I confirmed again that switching which USB jack the iLok 2 was plugged into made the difference. I would think that this is a problem with that particular USB jack, but all other USB devices work just fine plugged in there. Hmm…
A smart guy named Helmut Haas discovered a bunch of cool things about the way our human brains decode the sounds we hear to determine the direction of where those sounds originate.
Back in 1949, Mr. Haas found that early reflections of sounds help our brains decipher where the sounds came from. We can tell a noise came from the left not simply because we hear it in our left ear, but also because the sound bounces off a wall to our right and hits our right ear a very short time after it hit our left ear. Almost instantaneously, the brain detects the short time between the two signals and tells us, “Hey, that sound you just heard came from your left. Better turn your head to see what it was!” This happens so quickly that we don’t really even think about it. We just “know” it came from the left.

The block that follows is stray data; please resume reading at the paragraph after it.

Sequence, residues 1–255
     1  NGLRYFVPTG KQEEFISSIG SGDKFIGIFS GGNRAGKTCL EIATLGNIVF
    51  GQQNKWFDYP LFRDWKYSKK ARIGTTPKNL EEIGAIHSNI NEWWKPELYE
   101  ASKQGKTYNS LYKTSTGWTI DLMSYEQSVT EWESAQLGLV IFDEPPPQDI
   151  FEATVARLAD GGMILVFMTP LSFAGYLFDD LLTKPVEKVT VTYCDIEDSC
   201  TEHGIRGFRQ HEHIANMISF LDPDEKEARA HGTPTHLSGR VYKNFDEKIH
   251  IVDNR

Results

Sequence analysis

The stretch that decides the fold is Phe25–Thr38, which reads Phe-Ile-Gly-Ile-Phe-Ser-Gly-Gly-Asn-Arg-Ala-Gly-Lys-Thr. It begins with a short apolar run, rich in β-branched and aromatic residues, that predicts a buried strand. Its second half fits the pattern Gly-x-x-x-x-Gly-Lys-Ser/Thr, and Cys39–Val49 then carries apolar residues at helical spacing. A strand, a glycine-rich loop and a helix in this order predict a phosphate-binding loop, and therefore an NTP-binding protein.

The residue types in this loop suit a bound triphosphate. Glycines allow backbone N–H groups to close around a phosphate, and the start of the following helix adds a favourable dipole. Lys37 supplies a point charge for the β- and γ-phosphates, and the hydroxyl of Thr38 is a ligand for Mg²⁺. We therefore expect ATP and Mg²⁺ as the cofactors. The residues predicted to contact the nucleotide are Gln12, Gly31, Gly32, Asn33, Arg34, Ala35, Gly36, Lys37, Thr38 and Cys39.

Haas also recognized that early reflections are basically copies of the initial sound that are delayed slightly. He started messing with people’s heads. He pointed speakers at them and firing sounds with very short delay differences. Then he asked the test subjects which direction the sound seemed to come from.
His conclusion: Not only is it fun to play with sounds, but also 40 ms (milliseconds) is some kind of magic point for our brains. If an echo is more than 40 ms after the initial sound, then we hear the sounds as separate instances. But if the delays happen within 40 ms or less of each other, then we perceive them together as merely directionality cues of a single sound.